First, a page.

As a nurse it is important I make both Betty and James aware of the good and bad points to residential care homes. The other side is if James is left at home whilst Betty is in hospital there in an increased risk of him injuring himself which is why it has been suggested by part of the multi-disciplinary team that James is moved to care. The British Journal of Nursing (2012) states that nurses have a duty of care to act in the best interests of their patients at all times and must therefore ensure they are fully aware of the health care needs of those with intellectual disabilities and provide reasonable services. The Guardian (2012) explains that half residential care homes for people with learning disabilities failed to meet the Care and Welfare Standards. Care homes can however be exceptionally good places for people with learning difficulties as James will be with others he may relate to and have 24hour care. As a nurse I need to make sure whatever is decided it is helping to promote both James and Betty’s health.
Exploring the option of James staying in own home with support is an option in this scenario. The Nice (2012) states that ‘carers find it hard to care for their family when they are ill or their own wellbeing is not what it should be’ This could result in James living in isolation and poverty and cause long term effects on his ability to care for them self. The support of just Alice is not enough and there won’t be the 24 hour care that is required should an issue arise. I feel that should James seek residence in the care home he will have the facilities available for a range of support from people who are used to caring for others with more complex needs and challenging behaviours. Within the residential home setting James will be supported in promoting his independence that he had with his mother. I feel the care would aid Betty’s recovery as the worry may affect her mental health. The holistic care would then be promoted for both.
People with learning disabilities want to make their own choices and decisions about the things that affect their lives, so it’s important to include James’ as when dignity is present people feel in control, valued, confident, comfortable and able to make decisions for themselves. Dignity applies equally to those who have capacity and those who lack it. Everyone has equal worth as a human being and must be treated as if they are able to feel, think and behave in relation to their own worth or value. The nursing team should therefore treat all people in all settings and of any health status with dignity, and dignified care should continue after death (RCN,2008).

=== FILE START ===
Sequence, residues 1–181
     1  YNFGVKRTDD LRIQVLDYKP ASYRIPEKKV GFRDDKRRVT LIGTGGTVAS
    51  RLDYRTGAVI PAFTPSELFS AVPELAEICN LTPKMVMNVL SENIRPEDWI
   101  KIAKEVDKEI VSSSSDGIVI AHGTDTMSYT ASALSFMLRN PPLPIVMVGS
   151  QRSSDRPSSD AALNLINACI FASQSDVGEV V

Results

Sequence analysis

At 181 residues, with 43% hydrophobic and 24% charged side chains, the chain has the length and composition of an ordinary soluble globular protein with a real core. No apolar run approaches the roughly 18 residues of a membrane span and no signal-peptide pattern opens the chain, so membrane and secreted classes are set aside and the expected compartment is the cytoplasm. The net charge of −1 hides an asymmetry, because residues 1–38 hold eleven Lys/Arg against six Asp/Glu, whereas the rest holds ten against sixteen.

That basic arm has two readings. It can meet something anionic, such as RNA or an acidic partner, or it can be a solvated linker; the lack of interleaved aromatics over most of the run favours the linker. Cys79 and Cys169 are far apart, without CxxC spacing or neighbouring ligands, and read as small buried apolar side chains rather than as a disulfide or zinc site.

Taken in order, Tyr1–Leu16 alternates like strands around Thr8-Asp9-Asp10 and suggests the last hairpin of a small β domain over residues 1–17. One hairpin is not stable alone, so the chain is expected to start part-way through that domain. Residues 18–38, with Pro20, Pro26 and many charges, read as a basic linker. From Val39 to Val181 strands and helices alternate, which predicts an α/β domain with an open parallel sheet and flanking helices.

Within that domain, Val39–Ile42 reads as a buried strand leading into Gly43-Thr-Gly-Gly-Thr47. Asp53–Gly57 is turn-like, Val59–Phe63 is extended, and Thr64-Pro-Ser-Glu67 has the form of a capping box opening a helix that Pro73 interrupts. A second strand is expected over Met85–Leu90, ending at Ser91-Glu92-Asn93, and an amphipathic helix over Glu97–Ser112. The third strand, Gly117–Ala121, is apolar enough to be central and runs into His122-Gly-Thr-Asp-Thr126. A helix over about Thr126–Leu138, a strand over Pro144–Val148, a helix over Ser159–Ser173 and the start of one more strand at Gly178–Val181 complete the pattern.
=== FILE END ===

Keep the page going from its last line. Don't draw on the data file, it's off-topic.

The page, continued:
This scenario has considered the needs of an elderly patient and her son with learning difficulties. To me it is my professional opinion that James should stay in the residential care home. It is clear the whole family need guidance and support at this time. I have looked at the needs of my patient and her son and involved the family in the decision-making process which I have lead as a nurse. I feel I have reviewed all the factors that may have an effect on James, i.e. his age and I feel I would have promoted his health by making the transition smooth and easy to prevent any upset or confusion to James and his family. I feel in my professional opinion, that James will be well cared for, have 24hour support and be with people similar to him. The quality of care will be more focused and it means than Alice may still be a continuing part of his care. It can be a short term solution that will aid the recovery of Betty as well as letting James keep his independence but also promote his health. Once Betty has fully recovered the situation could then be reviewed and a different care path may be more suited.
I have also learnt that the NHS Leadership Academy (2012) created a framework, which staff can use to work on skills involving the nine dimensions of leadership behaviour. It states that these nine dimensions provide an important role in meeting the needs of the individual’s holistic care. This would be good to use for my professional development and ensuring I am up to date with my competencies.
It is clear to me as a nurse I have a duty of care and I am bound by the code of nursing and midwifery council. I can see how I fit into a multi-disciplinary team and how important it is to have the courage to stand up for all aspect of patient care. Through this process I have made some clear reflection for future practise which will improve my confidence from a student to a competent registered nurse.
The 6 C’s of care are important and need to be used in day to day practise. I need to have mutual respect and trust for both patients and members of the multi- disciplinary team. Holistic care needs to be promoted in every situation for both patients and their families. I feel I have covered the four learning outcomes and applied them to this learning disability scenario. I feel as nurse I should be able to put into action what I have learnt for best practice for working with patients with learning disabilities in clinical settings; to encourage the transfer of skills to other relevant contexts and to stimulate the wider dissemination of best practice.